And we have a seven year old grandson’s birthday party to attend on Saturday – at a time predicted to be the height of the weather bomb! It’ll be interesting driving there. The back country road where our son lives with his family is prone to slips and floods. We may not get there. Have I mentioned my poor neglected vegetable garden? At least the drainage is still happening. At least plants are growing because the temperatures are relatively benign. Our weekend is shaping up to be quite eventful.
Yay! Himself and I drove to the Bay of Islands and took a nano-break in our Northern backyard so to speak and joined the few visitors brave enough to visit our country at this time of the year. Three nights and four days! We stayed in Paihia. No matter the wet and wintery weather, we played the tourist and imbibed our nation’s heritage and cuisine. Of course, we checked out the cafes. We drove to a local vineyard near Kerikeri. We discovered a wonderfully crisp dry Sauvignon Blanc 2006 and a fruity Pinot Noir Rose. That made the trip worthwhile.
In 1819 Samuel Marsden introduced winegrowing to New Zealand with the planting of over 100 different varieties of vine in Kerikeri, Northland.
“New Zealand promises to be very favourable to the vine as far as I can judge at present of the nature of the soil and climate”
he wrote. Nearly two hundred years later, the New Zealand wine industry is at an all time high, and is especially praised for it’s Sauvignon Blanc and Pinot Noir.\
It’s fascinating to read the historically familiar names on the tombstones of the earliest settlers in the cemetery behind St Paul’s Anglican Church in Paihia, the first church to be built in New Zealand, quote:
Less than a decade after the first Christian service was held on the Northern shore of the Bay of Islands on Christmas Day 1814, Reverend Henry Williams and Mrs Williams arrived on August 3rd, 1823 to establish the missionary settlement at Paihia. On their arrival, Mrs Williams with her three children went to reside in Kerikeri while the Reverend Henry Williams at once set to work to erect temporary buildings at the new station. On September 15th, Mrs Williams came to join her husband and records in her journal state that, not only was there a storehouse and dwelling, but also a Church, built of raupo, which was opened for Divine Service on Sunday, September 21st, 1823. This was the first Church ever built in New Zealand.The Reverend William Williams with his wife joined his brother Henry, arriving at Paihia on March 26th, 1826. This gentleman was a classical scholar of Oxford University and also had a considerable medical knowledge which was of the greatest benefit to the Mission.In the year 1828, the raupo church was replaced with a lath and plaster structure, which served until 1856 when a wooden church was built. This was used until 1874, when it was dismantled and another wooden church erected, incorporating much of the old timber. In 1925 the 1874 church was dismantled in sections and transported to serve at Taumarere. It was moved to make way for the stone Church of St Paul, the fifth to be erected on the site. It was built as a lasting memorial to Henry and William Williams.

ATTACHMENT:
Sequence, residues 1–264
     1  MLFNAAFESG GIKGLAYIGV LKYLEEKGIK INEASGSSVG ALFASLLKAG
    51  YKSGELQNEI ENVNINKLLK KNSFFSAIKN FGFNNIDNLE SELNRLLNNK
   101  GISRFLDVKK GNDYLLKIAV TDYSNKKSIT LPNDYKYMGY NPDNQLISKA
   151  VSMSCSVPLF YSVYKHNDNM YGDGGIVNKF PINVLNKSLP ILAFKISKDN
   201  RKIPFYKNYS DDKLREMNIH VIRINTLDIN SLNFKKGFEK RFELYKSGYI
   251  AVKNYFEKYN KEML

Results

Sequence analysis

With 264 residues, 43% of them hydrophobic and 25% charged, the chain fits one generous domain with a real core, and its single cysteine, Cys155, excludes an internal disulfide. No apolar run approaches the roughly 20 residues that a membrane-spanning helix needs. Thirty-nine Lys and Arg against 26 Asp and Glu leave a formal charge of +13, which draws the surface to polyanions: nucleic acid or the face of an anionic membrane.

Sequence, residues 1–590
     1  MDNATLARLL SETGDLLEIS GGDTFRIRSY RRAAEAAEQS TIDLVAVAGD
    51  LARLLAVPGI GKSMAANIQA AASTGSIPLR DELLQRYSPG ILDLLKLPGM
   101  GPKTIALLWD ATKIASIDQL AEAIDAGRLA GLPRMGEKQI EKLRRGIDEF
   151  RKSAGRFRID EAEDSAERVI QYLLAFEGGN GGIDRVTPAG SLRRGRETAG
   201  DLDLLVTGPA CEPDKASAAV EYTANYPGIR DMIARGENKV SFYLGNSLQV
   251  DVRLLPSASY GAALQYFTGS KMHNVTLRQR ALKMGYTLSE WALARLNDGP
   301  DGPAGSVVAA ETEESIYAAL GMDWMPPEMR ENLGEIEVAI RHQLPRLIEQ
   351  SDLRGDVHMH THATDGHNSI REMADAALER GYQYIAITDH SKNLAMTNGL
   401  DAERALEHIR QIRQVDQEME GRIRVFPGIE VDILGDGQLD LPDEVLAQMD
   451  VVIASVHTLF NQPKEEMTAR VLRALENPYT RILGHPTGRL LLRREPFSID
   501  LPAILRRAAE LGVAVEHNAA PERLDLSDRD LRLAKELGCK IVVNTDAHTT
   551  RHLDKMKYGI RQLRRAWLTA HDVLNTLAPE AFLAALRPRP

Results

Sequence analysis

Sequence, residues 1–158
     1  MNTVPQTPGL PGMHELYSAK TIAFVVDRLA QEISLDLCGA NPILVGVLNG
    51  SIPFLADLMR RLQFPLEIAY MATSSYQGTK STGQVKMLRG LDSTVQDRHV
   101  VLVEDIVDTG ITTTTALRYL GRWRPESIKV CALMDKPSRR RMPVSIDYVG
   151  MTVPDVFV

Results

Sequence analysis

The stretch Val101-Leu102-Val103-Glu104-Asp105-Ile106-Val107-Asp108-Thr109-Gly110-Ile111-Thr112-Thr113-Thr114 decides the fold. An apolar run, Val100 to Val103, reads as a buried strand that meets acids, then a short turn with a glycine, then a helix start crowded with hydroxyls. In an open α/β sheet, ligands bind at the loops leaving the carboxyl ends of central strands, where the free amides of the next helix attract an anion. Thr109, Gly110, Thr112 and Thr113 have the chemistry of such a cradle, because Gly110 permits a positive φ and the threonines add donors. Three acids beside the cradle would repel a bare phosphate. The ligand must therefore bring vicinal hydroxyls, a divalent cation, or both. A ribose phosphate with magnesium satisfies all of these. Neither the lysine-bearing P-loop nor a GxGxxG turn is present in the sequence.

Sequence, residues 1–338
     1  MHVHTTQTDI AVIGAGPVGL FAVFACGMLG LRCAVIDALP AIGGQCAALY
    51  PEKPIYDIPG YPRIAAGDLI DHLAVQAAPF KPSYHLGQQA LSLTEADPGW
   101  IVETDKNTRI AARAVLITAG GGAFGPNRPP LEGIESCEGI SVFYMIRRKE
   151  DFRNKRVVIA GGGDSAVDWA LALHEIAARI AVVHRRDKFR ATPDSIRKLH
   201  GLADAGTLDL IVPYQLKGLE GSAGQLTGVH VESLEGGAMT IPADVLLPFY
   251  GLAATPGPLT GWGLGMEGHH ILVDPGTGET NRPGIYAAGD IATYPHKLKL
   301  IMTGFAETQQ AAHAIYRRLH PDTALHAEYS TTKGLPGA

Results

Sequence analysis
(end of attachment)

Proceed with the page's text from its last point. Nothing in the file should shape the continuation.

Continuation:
It’s always special to receive a gift. And no matter how many birthdays signpost life’s journey, the anticipation when unwrapping a gift never fails to excite. Himself lives by the mantra that good things come in small packages. And to be sure, he has lived up to the expectations of his mantra. This year, he’s excelled himself in the surprise stakes with his biggest, heaviest boxed gift ever. Tonight, I didn’t even come close to guessing what might be in this birthday wrapped package accompanied by an expressively worded card.
His gift: a steel, flat-deck, garden wagon with a pull handle, large pneumatic wheels for mobility and stability that has a maximum load capacity of 150kgs. Perfect. It’ll be great for so many garden jobs. Come to think about it, how did I manage all these years with a wheelbarrow?
In June, I boasted about the warmer than usual night-time temperatures. I was intent on getting as much planted and established as quickly as possible – including an early potato crop. Squelchy soils in the paddocks caused by stormy squalls later grabbed my attention. There was no need to cover plants with frost cloth. The early potatoes were planted in a sunny sheltered situation. The raised bed, made of lots of compost and well rotted organic material, drains well. Early this week, all of the early potato plants’ shoots had just emerged above their warm blanket of mulch.
On Tuesday this week, Himself and I had our attention diverted with a stint of caring for grandkids overnight and all day Wednesday. Busy as, we missed the weather forecast and of course we never gave it a thought to put a frost-cover over the plants. The first frost (albeit a light one) of winter happened on Tuesday night. It dissipated quite quickly next day before mid-morning. At first glance, the larger potato leaves are affected – but I looked more closely and noticed the very small leaves at mulch level seem to be OK. They may have been somewhat sheltered and the soil was not frozen. Tonight, there’s an extra layer – of straw – over the plants. So, I’m crossing my fingers and hoping the damage isn’t too bad.
Another thing I noticed was that a few heritage potatoes that had self-seeded in a weed-like manner seem to have resisted the frost. I re-read my gardening books about recovering frost affected potatoes. Each mentions mulching and mounding. On reflection, I’m not sure what I learned or my options were. (1) Leave Himself in solo charge of the grandkids? (2) Turn TV on and watch the weather while we give the kids their bottles? Work in the garden later – by torchlight if necessary. (3) Every night, think, ‘frost’. (4) Let self-seeded potatoes have their way in the garden. (5) Gardening moral – an ounce of prevention is better than a cure.